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use by workmen in England at some period, for they are found very frequently, though very

rarely, in sepulchral interments all over the island”. Worsaae (Antiquities of the Bronze Period, p. 25), giving a figure of one of these, says that “they were fastened at the end to a wooden handle. They were probably used as a kind of axe or pickaxe. At all events, similar tools of iron are still used in Iceland as crowbars”. Indeed, the shape is such as to admit of their being adapted to a great variety of purposes. In Smith's Dictionary of Greek and Roman Antiquities we find (pp. 351, 352) that the ouirn or dolabra, a similar instrument, was used as an adze for planing and polishing wood; by stonemasons; as a hoe; in throwing up entrenchments and destroying fortifications; also by leather cutters, and even as a page cutter! This form is more rarely met with in Wales than either the socketed celt or the paalstab, which latter is by far the commoner type. Of the paalstab I append two drawings. The plainest of them was found many years ago, together with a similar one, at Coed Llan, near Llanfyllin, and is now in the possession of Mrs. Richards of Vronheulog, Merionethshire, who tells me that she gave its fellow to Capt. Massey Taylor of Tynllwyn, near Corwen. It has no ornamentation beyond a something like a shield on either side, just below the groove for the handle ; the cutting edge is broad, being two inches and a half across, and it was evidently originally broader, a portion having been worn away. Its length is six inches and a quarter ; receptacle for the handle, three inches long ; breadth at half length, one inch ; greatest thickuess, nearly one inch. The other is a well preserved example of the singlelooped type, the ornamentation on either side consists of three ribs, running to a point towards the cutting edge, the middle one, which is the longest, being nearly two inches in length. It is six and three-eighths inches long, with a breadth, at the cutting end, of one inch and three quarters ; receptacle for handle is two and fiveeighths inches long, and the breadth abreast of the loop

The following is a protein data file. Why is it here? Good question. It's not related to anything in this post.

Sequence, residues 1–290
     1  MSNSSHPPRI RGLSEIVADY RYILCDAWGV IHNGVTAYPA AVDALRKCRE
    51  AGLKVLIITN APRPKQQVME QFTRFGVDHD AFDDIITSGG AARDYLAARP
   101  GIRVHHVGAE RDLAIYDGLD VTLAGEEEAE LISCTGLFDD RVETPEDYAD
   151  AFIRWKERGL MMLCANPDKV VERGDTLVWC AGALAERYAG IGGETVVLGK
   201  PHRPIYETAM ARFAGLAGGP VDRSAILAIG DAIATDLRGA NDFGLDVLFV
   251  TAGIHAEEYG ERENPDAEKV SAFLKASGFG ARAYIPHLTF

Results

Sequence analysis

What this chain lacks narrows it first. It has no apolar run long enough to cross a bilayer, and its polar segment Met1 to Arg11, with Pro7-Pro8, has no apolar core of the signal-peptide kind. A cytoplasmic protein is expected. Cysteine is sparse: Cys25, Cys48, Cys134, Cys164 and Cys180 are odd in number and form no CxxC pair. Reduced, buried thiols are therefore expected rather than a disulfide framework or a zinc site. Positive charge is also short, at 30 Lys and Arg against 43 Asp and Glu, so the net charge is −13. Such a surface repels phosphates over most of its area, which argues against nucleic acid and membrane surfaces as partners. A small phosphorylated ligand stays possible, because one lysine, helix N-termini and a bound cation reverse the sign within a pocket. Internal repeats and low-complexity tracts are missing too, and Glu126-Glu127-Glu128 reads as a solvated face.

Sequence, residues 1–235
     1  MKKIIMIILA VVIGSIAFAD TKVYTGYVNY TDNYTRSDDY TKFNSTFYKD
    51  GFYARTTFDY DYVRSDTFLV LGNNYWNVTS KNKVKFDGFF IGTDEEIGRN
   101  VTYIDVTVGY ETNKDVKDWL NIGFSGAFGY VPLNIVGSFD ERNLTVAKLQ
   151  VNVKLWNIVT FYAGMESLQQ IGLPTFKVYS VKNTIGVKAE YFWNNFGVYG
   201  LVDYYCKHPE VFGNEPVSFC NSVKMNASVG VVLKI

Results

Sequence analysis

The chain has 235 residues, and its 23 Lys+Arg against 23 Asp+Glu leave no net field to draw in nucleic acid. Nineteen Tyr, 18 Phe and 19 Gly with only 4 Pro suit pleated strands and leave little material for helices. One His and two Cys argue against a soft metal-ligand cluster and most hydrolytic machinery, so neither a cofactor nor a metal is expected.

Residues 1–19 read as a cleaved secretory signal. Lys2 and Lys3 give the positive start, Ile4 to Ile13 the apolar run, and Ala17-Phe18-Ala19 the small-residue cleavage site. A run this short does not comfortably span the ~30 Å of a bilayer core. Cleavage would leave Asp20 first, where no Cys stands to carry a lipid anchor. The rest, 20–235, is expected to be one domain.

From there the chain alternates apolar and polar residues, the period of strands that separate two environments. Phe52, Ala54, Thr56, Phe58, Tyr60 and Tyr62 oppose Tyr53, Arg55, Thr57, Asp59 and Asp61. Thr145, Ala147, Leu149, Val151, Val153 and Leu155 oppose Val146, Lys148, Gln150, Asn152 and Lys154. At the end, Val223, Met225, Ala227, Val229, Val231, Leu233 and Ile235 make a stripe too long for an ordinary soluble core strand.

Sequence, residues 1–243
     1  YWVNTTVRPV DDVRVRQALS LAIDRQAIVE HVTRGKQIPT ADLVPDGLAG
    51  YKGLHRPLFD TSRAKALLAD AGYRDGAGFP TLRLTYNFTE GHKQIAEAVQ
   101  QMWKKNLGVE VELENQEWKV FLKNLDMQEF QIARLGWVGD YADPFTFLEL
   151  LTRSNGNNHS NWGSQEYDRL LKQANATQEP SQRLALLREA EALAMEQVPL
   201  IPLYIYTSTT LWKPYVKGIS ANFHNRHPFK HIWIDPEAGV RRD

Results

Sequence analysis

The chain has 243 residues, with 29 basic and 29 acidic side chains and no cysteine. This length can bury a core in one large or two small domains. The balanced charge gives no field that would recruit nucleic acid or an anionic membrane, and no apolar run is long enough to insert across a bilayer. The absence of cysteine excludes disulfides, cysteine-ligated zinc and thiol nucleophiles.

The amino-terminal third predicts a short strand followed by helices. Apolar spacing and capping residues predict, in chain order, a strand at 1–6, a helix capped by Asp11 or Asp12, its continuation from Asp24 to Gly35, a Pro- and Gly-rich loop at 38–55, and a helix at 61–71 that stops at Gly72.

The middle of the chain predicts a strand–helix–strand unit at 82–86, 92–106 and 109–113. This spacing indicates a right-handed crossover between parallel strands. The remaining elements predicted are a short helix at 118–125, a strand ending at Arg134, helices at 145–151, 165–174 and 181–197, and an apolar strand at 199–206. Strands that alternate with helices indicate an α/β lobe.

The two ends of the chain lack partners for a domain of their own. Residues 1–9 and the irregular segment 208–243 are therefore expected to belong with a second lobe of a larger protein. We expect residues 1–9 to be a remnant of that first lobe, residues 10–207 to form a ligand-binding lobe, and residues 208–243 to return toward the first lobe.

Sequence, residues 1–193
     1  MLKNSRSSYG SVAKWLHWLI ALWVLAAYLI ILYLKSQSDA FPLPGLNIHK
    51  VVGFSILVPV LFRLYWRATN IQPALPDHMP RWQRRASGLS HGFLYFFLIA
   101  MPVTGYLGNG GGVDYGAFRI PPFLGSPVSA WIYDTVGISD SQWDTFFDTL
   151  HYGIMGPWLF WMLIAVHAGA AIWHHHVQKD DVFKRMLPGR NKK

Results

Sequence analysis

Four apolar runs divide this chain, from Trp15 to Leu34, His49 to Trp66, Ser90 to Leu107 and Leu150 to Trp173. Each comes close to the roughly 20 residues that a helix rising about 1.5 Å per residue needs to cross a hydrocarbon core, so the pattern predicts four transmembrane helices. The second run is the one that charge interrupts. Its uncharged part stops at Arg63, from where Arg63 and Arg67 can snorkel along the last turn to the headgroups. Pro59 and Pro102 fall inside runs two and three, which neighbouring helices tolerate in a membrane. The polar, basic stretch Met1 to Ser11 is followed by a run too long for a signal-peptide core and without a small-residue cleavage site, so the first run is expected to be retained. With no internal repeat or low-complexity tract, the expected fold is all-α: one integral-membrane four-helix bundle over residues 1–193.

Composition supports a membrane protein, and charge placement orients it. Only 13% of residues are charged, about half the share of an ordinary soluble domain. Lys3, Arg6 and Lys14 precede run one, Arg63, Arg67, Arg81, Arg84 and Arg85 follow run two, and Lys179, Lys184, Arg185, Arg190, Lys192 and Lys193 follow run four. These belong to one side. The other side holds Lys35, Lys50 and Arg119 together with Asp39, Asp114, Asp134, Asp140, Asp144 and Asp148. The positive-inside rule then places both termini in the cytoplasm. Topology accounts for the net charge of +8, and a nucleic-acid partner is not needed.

is one inch and one-eighth. This last was found when the Vronheulog drive was being made, close to the foot of a rock, not far from the lodge, and at the same time and place was discovered the broken spear-head, of which I give a drawing, and which I shall now describe. The length of the fragment is nearly three inches and three quarters, and, judging from the inclination of the mid-rib and sides, it may have been, when entire, about seven inches or so, as indicated by the dotted lines. The breadth of the blade will have been about two inches, the rivet hole still remains, and has a diameter of a quarter of an inch. The fabric itself is thin, not more than one-eighth of an inch at the broken edge. An almost identical example, found in Devonshire, is figured in the Archæological Journal, vol. ix, p. 185, and another among the antiquities of bronze found at Ty-mawr, on Holyhead mountain in 1832, figs. 1 and 2 in Mr. Stanley's memoir. Lastly, I come to treat of the material, without which none of these implements could have been formed—viz., copper; and this brings me back again to Anglesey, where I have to chronicle another addition to the already goodly list of copper cakes found in that island. The discovery was

. made known to me by Thomas Prichard, Esq., of Llwydiarth Esgob, who has possession of the cake, and who kindly drove me over to see the place where it was found. The farm is now called “Olgar”, which may mean “rough remains", or "remains of a fort". Mr. Prichard

” tells me that in an old map of the Meyrick property by Lewis Morris, the name is spelt “Olgre”, which would be “strong remains” or “ vestiges”. The farmhouse itself is situated on high ground, but the cake was found in a field on the side of a bank, sloping towards the north ; this spot has gone by the name of gardden”, and animals always liked the grass


grew 1 Another and very probable derivation, suggested by the Editor of the Archæologia Cambrensis, is Gwylgre (the watch-place), which name, now transformed into Golden Grove, occurs near Llanasa in Flintshire.


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